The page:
The UK government will introduce new rules for Capital Gains Tax (CGT) in April 2023, which will affect separating spouses and civil partners. These changes aim to provide more flexibility for couples to divide their assets without incurring a potential charge to CGT.
Transfer of assets at ‘no gain, no loss’
Currently spouses and civil partners living together can transfer assets between each other with no capital gains tax arising, this treatment known as ‘no gain, no loss’ extends to the end of the tax year of permanent separation. Transfers after this time are subject to capital gains tax in the normal way which provides little flexibility when finalising a divorce.
From 6 April 2023, separating spouses and civil partners will have the opportunity to transfer assets to each other at 'no gain, no loss' for:
- three years after the year in which they stop living together as spouses or civil partners
- any period of time where the transfer occurs as part of a formal divorce agreement.
This new rule means that one spouse takes on all potential tax liability, not just the gain arising on the asset from the date they received it. Therefore, to determine the actual value of assets transferred, couples should consider the inherent gains and losses within those assets.
Extending relief from tax on sale of the former matrimonial home
Currently, when an individual sells or transfers their only or primary residence, they can mitigate tax on any arising capital gains using Private Residence Relief (PRR). However, where one party moves out of the former matrimonial home (FMH) following separation, the leaving spouse's ownership and occupation periods are often no longer aligned. This leaves them exposed (but for a few exceptions) to a potential tax liability on the eventual sale or transfer of the FMH.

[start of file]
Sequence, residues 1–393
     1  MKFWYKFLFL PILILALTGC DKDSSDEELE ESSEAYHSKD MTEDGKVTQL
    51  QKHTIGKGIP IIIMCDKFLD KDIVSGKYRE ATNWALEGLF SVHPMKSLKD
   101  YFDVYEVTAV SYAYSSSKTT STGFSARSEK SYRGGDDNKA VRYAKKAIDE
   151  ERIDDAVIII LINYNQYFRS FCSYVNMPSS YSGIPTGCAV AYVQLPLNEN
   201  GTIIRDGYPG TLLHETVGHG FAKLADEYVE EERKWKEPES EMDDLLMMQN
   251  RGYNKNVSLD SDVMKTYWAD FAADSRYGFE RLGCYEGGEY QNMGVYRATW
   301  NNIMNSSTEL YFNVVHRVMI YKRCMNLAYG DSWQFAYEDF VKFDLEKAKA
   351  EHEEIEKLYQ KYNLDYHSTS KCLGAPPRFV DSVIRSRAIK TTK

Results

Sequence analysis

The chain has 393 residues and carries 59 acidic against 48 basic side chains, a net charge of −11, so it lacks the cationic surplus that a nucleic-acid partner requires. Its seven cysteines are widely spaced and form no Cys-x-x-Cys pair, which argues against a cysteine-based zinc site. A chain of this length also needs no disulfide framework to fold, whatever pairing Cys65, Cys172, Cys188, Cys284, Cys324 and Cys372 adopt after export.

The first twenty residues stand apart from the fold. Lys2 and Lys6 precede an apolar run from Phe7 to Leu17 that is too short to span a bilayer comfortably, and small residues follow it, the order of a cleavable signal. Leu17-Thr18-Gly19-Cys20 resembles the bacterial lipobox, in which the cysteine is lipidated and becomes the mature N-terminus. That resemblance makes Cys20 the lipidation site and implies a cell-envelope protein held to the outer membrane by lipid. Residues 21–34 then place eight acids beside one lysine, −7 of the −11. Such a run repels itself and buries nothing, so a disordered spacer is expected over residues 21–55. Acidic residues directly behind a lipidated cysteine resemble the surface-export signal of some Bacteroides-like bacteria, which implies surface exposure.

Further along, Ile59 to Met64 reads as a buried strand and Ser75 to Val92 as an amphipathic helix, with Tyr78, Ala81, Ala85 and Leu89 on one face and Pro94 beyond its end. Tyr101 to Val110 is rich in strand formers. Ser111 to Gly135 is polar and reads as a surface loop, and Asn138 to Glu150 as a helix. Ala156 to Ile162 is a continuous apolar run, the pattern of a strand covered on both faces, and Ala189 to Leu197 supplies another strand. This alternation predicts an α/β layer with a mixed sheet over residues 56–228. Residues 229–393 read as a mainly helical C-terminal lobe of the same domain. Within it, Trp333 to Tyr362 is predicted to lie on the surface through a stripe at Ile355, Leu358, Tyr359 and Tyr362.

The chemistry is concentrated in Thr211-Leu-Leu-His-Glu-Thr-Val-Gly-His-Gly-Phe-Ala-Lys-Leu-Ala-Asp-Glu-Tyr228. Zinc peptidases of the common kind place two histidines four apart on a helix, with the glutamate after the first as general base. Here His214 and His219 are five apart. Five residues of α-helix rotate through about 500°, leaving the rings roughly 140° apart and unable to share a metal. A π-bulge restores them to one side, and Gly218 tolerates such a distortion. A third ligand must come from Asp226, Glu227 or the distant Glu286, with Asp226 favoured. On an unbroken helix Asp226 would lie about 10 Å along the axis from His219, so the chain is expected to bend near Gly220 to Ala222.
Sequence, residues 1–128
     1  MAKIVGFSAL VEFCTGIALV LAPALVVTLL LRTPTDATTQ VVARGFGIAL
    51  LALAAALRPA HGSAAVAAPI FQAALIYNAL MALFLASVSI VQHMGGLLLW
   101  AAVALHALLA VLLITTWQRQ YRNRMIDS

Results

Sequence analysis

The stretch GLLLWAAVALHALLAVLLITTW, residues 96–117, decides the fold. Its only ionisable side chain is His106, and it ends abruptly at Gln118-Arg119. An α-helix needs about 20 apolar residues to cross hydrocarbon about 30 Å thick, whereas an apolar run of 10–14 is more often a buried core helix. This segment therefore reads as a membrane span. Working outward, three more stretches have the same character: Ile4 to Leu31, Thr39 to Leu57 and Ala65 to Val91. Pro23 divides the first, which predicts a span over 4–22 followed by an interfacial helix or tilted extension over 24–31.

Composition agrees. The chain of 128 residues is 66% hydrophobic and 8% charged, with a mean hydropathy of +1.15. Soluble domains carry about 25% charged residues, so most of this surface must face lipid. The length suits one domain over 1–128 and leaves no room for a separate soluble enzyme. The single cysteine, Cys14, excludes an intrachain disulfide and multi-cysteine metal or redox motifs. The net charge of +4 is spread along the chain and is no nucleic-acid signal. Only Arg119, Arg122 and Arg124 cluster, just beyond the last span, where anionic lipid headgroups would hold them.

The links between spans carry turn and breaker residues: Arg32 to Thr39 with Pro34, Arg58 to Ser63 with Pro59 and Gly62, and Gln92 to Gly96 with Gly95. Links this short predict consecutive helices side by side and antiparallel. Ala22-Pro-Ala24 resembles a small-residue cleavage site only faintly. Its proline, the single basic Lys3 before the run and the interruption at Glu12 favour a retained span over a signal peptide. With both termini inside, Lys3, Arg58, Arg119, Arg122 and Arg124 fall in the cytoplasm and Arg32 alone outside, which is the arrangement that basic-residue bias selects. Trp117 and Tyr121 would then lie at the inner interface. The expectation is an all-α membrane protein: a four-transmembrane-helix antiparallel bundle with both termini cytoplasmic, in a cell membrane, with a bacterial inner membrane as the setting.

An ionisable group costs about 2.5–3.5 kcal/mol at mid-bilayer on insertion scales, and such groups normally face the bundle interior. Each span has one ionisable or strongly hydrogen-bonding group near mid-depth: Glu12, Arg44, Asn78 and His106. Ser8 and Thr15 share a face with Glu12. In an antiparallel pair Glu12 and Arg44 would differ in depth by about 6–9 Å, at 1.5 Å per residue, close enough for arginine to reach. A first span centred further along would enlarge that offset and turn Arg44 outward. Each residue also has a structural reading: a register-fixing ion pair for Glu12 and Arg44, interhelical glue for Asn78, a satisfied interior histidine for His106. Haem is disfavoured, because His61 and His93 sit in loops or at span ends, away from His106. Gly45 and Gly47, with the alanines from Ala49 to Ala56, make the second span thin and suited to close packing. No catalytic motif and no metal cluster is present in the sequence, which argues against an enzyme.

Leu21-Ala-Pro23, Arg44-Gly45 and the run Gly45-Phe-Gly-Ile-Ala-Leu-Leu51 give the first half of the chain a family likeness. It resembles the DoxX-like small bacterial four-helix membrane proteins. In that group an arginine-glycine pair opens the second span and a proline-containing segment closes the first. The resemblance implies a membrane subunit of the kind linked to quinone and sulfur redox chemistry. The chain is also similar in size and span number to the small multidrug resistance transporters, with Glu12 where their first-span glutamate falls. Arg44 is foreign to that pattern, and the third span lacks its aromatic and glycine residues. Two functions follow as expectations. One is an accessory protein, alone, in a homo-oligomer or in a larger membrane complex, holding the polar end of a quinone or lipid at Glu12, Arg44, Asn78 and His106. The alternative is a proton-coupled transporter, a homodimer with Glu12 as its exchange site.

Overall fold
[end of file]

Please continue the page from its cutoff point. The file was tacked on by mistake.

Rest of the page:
From 6 April 2023, the following rules will provide the leaving spouse with additional opportunities to elect how their PRR is appointed between their FMH and any other home since leaving the FMH:
- Spouses and civil partners who retain an interest in their FMH will have an option to claim PRR on that property when it is sold (regardless of when they moved out of it, provided they do not claim PRR on any other property for that same period).
- Individuals who have transferred their interest in the FMH to their ex-spouse or civil partner and are entitled to receive a percentage of the proceeds when that home is eventually sold will be able to apply the same tax treatment to those proceeds when received as applied when they transferred their original interest in the home to their ex-spouse or civil partner.
If you are going through a divorce or separation, it is recommended to seek professional advice to fully understand the implications of these new rules and how they may affect your financial situation. Additionally, it may be beneficial to review and update any existing financial agreements to ensure compliance with the new rules.
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